As Jack Balkin points out, for both “legal” and “political” reasons it’s unlikely that any U.S. court will prosecute war crimes committed by members of the Bush administration. This circumstance highlights both the moral and practical importance of the question asked recently by Maj. Gen. Anthony Taguba: will those who, among many other things, ordered American soldiers to torture people, be held to account, and if so how?
Consider the case of John Yoo. Yoo, a law professor at Berkeley, played a key role in making it the official policy of the United States government that it (we) could and indeed should torture people suspected of being terrorists, and, if necessary, small children.
Unlike German lawyers who helped facilitate Nazi war crimes, Yoo and other Bush administration lawyers will almost certainly not be prosecuted by U.S. courts. (Standard disclaimer: I don’t think the Bush administration is as bad as the Nazis. Disclaimer to standard disclaimer: I don’t think “not as bad as the Nazis” is an appropriate standard for legal exculpation).
It’s been suggested that the University of California investigate Yoo’s conduct, to determine if he should face employment sanctions. That, too, isn’t going to happen, for both good and bad reasons having to do with the nature of academic politics.
Given that Yoo and his ilk are very unlikely to face either criminal or civil penalties, can anything be done? One possibility is social and professional shunning. For example, earlier this month I took part in a conference at which Yoo was appearing on another panel. I wasn’t aware of this until I arrived at the conference itself (it was a large event with a couple of hundred participants), but in retrospect I wonder whether I could have justified taking part in the event if I had known Yoo was participating.
Now I acknowledge that from an academic and historical standpoint, it’s a good thing to get Yoo’s views on questions regarding the limits of presidential power, the definition and legality of torture, etc., and therefore the idea of simply refusing to invite him to conferences and the like is problematic. But subject to such caveats, I wonder (this isn’t a rhetorical device — I’m sincerely wondering) the extent to which it’s either desirable or defensible to continue to treat Yoo as an ordinary colleague, as opposed to, say, a man who at the very least is arguably a war criminal, who for legally and morally dubious reasons cannot be criminally prosecuted, or even formally sanctioned by his employer.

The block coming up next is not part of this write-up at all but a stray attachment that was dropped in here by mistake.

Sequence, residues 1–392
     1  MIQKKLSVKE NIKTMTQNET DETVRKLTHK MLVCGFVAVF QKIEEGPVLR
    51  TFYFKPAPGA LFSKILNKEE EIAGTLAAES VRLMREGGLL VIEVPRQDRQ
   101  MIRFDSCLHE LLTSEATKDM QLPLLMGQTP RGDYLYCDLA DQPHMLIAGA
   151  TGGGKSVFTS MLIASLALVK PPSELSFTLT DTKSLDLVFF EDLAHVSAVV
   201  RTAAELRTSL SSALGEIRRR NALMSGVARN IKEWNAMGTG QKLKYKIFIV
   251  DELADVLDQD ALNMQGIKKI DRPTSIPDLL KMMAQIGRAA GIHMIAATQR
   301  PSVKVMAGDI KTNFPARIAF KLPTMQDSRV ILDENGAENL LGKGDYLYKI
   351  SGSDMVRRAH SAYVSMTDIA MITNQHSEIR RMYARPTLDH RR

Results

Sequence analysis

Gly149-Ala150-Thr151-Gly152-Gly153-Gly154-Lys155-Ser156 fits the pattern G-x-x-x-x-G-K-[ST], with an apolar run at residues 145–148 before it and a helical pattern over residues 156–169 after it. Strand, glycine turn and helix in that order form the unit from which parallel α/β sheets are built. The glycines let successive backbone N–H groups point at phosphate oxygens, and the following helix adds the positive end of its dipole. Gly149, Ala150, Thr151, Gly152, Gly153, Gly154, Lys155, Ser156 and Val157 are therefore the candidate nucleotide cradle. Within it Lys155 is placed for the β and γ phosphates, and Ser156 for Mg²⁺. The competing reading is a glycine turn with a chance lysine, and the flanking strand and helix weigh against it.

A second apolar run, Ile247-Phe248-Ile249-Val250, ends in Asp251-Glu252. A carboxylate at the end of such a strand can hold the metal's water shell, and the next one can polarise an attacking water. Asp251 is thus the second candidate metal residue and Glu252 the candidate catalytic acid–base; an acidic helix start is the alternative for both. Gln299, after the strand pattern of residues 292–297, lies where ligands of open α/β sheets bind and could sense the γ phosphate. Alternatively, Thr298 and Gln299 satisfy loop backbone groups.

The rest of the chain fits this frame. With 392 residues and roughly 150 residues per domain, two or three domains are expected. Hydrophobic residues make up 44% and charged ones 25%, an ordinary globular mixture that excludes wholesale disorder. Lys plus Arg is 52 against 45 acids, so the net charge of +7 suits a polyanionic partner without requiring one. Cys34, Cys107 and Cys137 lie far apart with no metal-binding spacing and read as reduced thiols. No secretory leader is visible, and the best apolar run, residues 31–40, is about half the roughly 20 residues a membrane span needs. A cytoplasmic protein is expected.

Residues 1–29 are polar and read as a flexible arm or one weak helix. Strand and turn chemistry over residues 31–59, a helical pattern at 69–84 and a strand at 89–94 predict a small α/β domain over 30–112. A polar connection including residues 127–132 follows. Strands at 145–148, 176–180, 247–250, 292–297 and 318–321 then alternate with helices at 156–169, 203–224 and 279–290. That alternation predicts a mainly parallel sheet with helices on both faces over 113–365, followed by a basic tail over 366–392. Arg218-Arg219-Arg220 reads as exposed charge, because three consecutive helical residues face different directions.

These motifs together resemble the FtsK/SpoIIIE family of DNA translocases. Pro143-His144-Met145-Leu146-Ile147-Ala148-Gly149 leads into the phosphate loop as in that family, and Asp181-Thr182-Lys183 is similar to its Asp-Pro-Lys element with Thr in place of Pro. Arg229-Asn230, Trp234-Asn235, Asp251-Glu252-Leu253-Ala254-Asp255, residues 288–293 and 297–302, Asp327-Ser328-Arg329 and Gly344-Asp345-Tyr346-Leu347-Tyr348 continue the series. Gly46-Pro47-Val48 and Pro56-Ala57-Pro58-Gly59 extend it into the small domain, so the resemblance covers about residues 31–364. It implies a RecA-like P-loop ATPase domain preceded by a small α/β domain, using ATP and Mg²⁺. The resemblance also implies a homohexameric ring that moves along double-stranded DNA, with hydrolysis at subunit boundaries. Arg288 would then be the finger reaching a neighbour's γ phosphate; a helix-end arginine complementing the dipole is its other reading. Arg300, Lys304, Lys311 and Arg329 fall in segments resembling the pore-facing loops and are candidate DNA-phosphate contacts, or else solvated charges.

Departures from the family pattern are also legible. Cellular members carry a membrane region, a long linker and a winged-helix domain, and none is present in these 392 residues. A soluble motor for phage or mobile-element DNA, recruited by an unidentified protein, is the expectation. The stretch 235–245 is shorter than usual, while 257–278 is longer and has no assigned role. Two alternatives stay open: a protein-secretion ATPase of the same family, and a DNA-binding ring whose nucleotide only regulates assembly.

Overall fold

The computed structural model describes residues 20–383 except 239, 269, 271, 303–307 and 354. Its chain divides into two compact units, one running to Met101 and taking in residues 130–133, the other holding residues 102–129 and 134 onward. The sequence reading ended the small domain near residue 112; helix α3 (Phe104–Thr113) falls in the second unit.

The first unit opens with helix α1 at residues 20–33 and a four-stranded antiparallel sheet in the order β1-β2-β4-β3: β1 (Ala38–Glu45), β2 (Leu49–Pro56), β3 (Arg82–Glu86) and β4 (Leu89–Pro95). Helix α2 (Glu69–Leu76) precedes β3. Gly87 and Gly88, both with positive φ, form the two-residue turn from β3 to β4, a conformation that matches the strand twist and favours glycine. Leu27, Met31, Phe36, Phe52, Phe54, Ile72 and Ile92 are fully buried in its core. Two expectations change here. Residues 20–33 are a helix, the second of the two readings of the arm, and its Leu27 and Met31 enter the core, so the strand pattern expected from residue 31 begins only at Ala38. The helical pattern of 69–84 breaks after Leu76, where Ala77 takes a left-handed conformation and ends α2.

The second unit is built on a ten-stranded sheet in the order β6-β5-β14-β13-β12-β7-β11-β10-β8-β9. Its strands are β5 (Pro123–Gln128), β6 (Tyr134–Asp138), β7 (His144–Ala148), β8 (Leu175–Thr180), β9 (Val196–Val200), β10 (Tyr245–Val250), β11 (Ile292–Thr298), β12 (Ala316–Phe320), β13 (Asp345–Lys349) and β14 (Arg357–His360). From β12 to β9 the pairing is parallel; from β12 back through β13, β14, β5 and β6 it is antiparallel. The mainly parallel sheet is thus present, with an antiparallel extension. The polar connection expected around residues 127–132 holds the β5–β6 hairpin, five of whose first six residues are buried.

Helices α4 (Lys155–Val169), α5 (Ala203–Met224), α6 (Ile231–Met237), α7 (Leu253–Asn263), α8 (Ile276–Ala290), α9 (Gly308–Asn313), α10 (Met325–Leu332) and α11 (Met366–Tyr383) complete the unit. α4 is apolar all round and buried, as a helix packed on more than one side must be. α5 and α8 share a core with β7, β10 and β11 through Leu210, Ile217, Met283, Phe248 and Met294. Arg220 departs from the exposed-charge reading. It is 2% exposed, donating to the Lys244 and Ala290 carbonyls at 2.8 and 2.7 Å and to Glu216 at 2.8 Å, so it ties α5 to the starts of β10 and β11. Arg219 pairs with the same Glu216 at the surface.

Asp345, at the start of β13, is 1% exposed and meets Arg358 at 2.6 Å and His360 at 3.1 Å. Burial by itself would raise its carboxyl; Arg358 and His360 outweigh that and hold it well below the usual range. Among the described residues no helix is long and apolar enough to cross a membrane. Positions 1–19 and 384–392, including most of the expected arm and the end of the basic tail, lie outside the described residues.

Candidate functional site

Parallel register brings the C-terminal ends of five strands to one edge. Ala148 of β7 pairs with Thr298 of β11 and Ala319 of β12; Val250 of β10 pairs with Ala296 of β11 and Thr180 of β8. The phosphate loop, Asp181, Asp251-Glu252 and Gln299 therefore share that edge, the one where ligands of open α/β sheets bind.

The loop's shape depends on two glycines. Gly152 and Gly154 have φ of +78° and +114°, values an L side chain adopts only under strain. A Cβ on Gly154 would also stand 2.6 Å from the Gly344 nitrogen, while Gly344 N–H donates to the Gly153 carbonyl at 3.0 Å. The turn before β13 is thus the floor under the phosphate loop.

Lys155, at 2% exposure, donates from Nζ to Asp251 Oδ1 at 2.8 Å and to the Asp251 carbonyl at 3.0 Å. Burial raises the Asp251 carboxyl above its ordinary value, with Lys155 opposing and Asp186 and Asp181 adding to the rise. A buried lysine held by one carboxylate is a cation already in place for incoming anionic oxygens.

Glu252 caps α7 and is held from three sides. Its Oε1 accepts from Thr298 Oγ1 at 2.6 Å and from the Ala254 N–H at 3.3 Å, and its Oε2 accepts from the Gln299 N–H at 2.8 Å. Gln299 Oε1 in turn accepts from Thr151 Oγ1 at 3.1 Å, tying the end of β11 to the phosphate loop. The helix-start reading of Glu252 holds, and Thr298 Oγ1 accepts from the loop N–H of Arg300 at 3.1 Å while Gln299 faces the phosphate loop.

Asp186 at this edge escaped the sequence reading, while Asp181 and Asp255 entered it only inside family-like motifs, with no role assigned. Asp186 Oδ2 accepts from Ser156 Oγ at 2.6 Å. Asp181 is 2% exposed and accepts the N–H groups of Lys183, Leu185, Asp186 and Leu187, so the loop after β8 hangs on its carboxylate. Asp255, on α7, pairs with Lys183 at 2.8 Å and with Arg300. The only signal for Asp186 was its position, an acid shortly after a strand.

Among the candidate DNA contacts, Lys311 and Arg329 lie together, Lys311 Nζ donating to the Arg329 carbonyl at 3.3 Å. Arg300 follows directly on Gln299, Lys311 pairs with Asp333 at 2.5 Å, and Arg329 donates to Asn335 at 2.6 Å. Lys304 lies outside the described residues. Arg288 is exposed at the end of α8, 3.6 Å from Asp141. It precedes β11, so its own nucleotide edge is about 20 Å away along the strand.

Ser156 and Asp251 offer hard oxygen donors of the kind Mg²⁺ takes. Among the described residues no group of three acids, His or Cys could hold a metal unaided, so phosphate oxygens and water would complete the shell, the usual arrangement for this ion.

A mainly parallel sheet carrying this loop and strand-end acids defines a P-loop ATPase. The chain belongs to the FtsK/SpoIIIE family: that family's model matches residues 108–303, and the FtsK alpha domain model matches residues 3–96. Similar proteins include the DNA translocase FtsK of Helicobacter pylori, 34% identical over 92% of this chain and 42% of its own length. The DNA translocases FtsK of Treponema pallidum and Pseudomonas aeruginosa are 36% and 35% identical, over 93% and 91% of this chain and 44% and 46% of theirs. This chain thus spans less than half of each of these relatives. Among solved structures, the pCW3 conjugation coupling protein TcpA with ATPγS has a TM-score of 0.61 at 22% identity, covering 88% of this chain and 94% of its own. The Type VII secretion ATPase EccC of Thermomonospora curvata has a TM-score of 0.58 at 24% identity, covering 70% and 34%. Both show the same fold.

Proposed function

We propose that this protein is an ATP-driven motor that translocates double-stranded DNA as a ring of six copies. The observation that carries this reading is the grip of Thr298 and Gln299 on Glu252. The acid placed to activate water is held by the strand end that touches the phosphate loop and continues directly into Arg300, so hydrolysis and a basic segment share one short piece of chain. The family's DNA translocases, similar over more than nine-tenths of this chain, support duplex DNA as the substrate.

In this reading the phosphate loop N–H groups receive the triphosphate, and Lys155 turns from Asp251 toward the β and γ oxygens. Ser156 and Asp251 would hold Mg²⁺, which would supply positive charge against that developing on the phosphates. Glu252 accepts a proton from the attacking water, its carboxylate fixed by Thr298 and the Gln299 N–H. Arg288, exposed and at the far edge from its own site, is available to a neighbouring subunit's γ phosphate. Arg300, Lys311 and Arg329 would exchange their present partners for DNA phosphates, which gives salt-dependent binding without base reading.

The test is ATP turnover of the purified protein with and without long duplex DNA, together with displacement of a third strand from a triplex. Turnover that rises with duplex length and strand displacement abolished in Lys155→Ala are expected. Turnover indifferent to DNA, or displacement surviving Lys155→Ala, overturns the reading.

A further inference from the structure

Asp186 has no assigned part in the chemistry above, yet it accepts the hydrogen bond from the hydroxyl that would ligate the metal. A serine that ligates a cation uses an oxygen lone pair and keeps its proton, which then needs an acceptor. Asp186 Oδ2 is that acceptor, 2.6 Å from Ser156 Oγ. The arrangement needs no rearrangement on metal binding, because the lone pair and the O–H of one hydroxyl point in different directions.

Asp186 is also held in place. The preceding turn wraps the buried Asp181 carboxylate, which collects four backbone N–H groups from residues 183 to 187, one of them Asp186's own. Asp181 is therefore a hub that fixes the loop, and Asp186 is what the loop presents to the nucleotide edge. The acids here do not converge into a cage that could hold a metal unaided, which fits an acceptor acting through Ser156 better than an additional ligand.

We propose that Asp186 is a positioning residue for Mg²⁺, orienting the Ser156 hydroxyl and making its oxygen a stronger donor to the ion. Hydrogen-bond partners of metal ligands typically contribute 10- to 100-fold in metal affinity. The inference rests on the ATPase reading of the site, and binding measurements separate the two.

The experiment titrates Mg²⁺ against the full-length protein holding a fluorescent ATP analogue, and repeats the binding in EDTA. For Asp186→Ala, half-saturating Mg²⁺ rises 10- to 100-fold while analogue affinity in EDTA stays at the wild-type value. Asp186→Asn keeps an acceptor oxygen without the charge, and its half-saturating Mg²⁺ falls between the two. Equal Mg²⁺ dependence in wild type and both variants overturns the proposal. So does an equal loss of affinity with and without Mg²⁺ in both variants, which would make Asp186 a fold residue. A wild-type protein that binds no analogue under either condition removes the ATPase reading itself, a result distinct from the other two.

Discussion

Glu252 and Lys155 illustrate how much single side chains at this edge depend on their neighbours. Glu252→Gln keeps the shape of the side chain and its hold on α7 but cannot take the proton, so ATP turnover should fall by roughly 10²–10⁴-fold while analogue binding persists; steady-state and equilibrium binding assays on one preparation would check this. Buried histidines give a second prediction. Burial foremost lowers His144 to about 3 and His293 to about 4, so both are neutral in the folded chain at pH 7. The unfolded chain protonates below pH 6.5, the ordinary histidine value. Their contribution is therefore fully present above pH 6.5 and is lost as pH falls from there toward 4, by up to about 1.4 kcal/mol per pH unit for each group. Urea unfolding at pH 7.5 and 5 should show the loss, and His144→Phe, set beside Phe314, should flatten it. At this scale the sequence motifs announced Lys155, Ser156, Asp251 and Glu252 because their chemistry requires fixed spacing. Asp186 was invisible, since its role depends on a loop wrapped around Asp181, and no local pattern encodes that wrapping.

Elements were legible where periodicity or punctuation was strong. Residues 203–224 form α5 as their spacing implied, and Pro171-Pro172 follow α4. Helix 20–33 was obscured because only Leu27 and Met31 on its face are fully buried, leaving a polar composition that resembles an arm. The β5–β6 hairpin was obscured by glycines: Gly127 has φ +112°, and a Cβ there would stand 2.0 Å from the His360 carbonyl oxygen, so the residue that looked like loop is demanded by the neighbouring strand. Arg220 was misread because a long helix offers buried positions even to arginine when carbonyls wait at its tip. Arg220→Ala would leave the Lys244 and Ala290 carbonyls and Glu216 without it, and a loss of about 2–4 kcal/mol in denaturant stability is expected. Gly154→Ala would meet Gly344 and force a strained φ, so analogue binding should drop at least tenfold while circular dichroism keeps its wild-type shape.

A natural objection to all this is that limiting the “punishment” of Bush administration officials for their crimes to things like not inviting law professors to conferences, or refusing to participate in conferences to which they’re invited, is a profoundly pathetic response to the situation. And it is indeed pathetic. But it may be better than nothing.
Terrified workers at a mining compound in one of Russia’s most isolated regions are refusing to go to work after a pack of giant bears attacked and ate two of their colleagues.
At least 30 of the hungry animals have been seen prowling close to the mines in northern Kamchatka in search of food, where the mangled remains of the two workers, both guards, were found last week.
The co-workers at the compound in the Olyotorsky district are trapped and frightened: the gruesome discovery has left them too scared to venture out. A team of snipers, with orders to shoot the bears, is now being dispatched to confront the invasion after government officials authorized an off-season hunt.
A spokesman for the local government in the capital, Petropavlovsk-Kamchatsky, said that the area was so isolated that it would take until at least Saturday to get there. Attempts to reach the scene by helicopter had to be abandoned because of thick fog.
The Kamchatka brown bear is one of the world’s largest, with males growing to around 10 feet and weighing up to 1,540 pounds. They can also reach speeds of up to 30 mph despite their size.
This really sounds like a setup for a horror movie; packs of giant ravenous bears, thick fog, no hope of outside assistance… hopefully the situation can be resolved without the infliction of excess further harm on either the humans or the bears.